0:11 Quiz 1 closes. We thank the students for their focus on the first quiz and then send them to Zoom breakout rooms for 10 minutes. We randomly sort students into 25 rooms of seven students, and reuse the same preassigned groups for all group quizzes during the quarter (see the Article’s Discussion for whether this was a good idea). 
0:12 The discussion quiz opens. Students receive a copy of the four quiz questions in a Canvas practice quiz that lists the questions as text (they are not answerable). The purpose of the discussion “quiz” is to give students access to the questions for discussion - it was not worth points. The instructor visits breakout rooms (in our experience, students do talk about the questions). We encourage cameras to be on but do not require it. The practice quiz closes after 10 minutes, and students begin to trickle back into the main room.
0:22 We close the breakout rooms and all students return to the main room.
0:24 Quiz 2 automatically opens in Canvas, and students begin taking it individually. There are 4 isomorphic questions that are intended to test similar anatomical concepts in the same formats as the original 4 questions.
0.30 The quiz automatically closes after 6 minutes. Students are free to leave when they finish, or stay to talk to the instructor.


Scoring and Grading

Two different methods were used to calculate the scores associated with the two-stage exams. We provide the details as examples to the reader.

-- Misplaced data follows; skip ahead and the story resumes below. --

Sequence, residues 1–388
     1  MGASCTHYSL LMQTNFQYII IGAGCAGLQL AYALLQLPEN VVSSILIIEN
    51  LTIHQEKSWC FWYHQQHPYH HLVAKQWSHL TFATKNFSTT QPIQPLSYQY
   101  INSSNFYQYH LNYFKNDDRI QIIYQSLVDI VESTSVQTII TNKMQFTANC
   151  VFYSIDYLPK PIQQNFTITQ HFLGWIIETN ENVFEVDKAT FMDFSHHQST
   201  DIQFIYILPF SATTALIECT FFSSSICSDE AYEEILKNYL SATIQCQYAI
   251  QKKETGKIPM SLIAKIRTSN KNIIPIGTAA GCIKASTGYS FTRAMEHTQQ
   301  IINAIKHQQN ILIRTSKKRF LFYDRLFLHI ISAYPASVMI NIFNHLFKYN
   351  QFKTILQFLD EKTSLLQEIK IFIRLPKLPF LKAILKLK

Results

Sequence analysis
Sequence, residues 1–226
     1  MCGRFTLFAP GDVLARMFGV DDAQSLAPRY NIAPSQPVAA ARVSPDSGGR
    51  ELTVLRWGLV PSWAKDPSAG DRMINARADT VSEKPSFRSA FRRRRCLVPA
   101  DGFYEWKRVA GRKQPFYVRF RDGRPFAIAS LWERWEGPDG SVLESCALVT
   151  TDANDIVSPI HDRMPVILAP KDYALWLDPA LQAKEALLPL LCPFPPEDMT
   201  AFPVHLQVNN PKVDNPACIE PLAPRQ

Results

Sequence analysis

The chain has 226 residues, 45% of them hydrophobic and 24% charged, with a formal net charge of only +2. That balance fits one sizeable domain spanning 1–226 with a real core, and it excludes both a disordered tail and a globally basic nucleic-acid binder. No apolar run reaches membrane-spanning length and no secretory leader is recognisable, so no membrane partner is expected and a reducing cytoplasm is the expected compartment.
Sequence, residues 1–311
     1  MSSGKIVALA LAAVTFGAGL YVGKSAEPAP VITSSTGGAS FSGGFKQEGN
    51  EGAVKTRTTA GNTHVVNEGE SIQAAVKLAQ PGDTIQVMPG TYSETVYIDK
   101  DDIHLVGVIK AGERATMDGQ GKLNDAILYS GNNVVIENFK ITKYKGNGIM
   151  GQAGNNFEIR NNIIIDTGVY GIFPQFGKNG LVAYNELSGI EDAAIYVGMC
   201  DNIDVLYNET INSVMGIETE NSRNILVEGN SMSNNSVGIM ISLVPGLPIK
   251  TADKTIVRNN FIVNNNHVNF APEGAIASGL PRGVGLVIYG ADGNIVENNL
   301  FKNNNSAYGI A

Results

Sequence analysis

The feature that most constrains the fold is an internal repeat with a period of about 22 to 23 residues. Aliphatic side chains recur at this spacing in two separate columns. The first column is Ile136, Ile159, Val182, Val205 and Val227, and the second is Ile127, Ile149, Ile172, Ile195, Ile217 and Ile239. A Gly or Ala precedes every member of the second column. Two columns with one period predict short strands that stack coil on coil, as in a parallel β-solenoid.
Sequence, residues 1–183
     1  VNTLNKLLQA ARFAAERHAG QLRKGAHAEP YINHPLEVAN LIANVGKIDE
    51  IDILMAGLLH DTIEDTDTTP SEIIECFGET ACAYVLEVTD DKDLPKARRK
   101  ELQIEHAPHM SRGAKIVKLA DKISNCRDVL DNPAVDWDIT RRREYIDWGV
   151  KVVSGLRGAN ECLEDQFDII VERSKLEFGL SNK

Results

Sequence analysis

Community College

Each chapter exam is worth about 50 points, and since we drop the lowest exam scores, we wanted the two-stage exams to be worth the same number of points as the other exams. A regular exam had 25 questions worth 2 points each. For the two-stage exam, we made the 25 questions on the initial exam worth 1.8 points each (90% of the 50 points) and made the three questions on the second stage worth 1.67 points each (10% of the 50 points).

Research University

The group quizzes had four individual questions and four group questions. The scores on these two quizzes were summed, and if students answered four or more questions correctly of the eight, they received full credit for the activity. Students with fewer than four correct received partial credit. The updated credit was uploaded to Canvas as their “Group Quiz” score, which was worth 5% of the course grade. The lowest group quiz score was dropped.

Student Feedback

We collected different types of feedback from our students at the two different institutions, so we start with this feedback and then describe our modifications in the Iterations section.

Community College

During the first semester, students were loudly dissatisfied with the two-stage exam. Our discussions with students indicated that most students had never experienced this type of exam format, which may have led to their distrust of the process. Their chief concerns were as follows:

  • Fairness: students complained that some people didn’t participate in the discussion, but could listen in and then “reap the benefits” on their second exam.

  • Comfort: students didn’t like the inconsistent student membership in their breakout groups, which were randomly assigned each time. They didn’t know anyone in their groups and said they would have felt more willing to talk if the groups were the same every time.